Five tips on how to win over a voluntary committee in interview

Q: I’ve a job interview next week, but the employer is not your typical corporate or public organisation – they’re a community group. The successful candidate will be their first full-time employee and will manage a centre that provides a range of services to the community. I know I can do the job. But I am worried about how best to convince a voluntary committee of my suitability. Any tips? (JH, email).

A: Every job has its nuances. In every job interview, candidates should be conscious of those nuances and tailor their interview accordingly. Here are points I would make:

  1. Voluntary committees reach this point because of what they have done well to date. What’s the exact scenario here? Have they driven this initiative to the point where it now requires a full-time employee? If yes, be respectful of this. They have made something out of nothing. And they have done it in their spare time. Make sure that you acknowledge their efforts and vision to bring the project to this stage. Familiarise yourself totally with the project, particularly the back story leading to this point. For voluntary committees, the path is often far from smooth. They persist in the face of the most daunting of obstacles. They’ll be happy to know you appreciate this.
  2. They may have a reluctance about handing over the project to a full-time employee. Voluntary committees develop an attachment to what they have set up and the methods they have used so far. Reassure them that you will be respectful of what they have done and that you will introduce change, where needed, at a pace that does not frighten the committee. You need them on your side. Show them you’re a safe pair of hands. Building good relationships will be crucial here. The bulldozer is not your friend.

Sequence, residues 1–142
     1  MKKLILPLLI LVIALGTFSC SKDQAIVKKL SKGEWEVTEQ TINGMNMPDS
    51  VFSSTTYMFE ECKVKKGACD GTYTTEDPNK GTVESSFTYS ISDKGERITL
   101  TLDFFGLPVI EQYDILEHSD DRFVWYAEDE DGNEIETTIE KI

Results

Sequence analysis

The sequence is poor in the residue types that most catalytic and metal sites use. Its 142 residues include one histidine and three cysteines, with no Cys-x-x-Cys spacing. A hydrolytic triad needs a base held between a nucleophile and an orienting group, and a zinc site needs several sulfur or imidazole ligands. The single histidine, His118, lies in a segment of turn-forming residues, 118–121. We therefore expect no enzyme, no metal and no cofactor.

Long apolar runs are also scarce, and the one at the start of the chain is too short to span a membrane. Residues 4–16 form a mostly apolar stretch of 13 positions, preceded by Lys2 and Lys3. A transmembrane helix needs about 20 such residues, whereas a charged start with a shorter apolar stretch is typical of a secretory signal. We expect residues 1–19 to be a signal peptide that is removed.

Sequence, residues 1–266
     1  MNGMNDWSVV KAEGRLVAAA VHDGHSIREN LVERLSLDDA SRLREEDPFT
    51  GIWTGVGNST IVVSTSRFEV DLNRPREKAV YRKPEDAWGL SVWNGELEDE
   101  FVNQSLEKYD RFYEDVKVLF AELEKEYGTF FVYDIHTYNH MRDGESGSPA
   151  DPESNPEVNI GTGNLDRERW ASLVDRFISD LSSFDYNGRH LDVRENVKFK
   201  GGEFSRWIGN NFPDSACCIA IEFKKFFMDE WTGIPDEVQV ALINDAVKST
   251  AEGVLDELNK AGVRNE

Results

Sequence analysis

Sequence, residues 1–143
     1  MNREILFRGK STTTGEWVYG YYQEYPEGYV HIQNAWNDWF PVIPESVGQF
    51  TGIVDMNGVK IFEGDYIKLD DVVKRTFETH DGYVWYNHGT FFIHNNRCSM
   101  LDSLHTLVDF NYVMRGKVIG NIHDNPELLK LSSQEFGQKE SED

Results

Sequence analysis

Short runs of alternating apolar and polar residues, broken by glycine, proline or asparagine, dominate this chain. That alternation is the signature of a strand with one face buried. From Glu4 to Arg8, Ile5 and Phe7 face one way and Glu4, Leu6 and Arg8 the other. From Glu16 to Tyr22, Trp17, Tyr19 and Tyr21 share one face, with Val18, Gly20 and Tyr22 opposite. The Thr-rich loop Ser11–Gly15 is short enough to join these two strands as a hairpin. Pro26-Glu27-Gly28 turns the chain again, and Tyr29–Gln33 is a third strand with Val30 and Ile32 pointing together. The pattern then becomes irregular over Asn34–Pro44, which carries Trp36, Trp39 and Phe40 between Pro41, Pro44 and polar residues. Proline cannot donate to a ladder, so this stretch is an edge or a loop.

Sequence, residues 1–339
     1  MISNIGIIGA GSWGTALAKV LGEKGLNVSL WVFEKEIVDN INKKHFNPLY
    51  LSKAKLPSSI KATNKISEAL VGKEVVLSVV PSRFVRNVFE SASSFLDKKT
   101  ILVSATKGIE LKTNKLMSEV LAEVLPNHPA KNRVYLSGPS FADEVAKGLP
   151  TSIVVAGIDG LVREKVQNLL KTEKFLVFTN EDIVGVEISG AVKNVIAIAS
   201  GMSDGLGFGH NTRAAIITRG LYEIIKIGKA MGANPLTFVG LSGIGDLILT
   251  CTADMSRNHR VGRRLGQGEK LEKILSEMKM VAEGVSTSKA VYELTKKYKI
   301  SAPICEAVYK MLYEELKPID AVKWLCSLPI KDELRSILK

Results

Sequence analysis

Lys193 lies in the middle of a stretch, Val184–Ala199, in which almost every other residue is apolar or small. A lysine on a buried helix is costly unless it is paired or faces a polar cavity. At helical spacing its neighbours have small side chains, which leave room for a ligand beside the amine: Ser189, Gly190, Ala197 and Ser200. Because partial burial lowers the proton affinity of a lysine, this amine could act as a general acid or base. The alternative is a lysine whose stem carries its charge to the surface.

3. If you have experience of working in a voluntary committee, highlight this. This will allow them to feel you understand where they’re at and what needs to be done to advance this project. Have you served as a secretary of a club or organisation? Been involved in fundraising? Contributed to strategy?
  4. Notwithstanding the foregoing, do not fall into the trap of underplaying yourself. While they might be wary of handing the crown jewels over to somebody new, they will want to know that you have ideas for pushing it on. Playing it safe the whole way through is unlikely to get to the job. In your preparation, make a list of realistic initiatives you can pioneer over the coming years. Demonstrate that you can deliver on these initiatives. Delivery of a humble idea is infinitely preferable to the dissolution of an overly ambitious one.
  5. Be enthusiastic about taking on the job. Dealing with a voluntary committee may mean some evening meetings and weekend work. If that’s on the agenda here, embrace it. Make it clear that understand there will be a requirement to work antisocial hours. This is not to set yourself up for exploitation, rather to accept the inevitability of certain elements of the role. Your contract can protect you in terms of time off in lieu, but it is unlikely that a straight nine-to-fiver win the day here.


Featured image courtesy of Pixabay.


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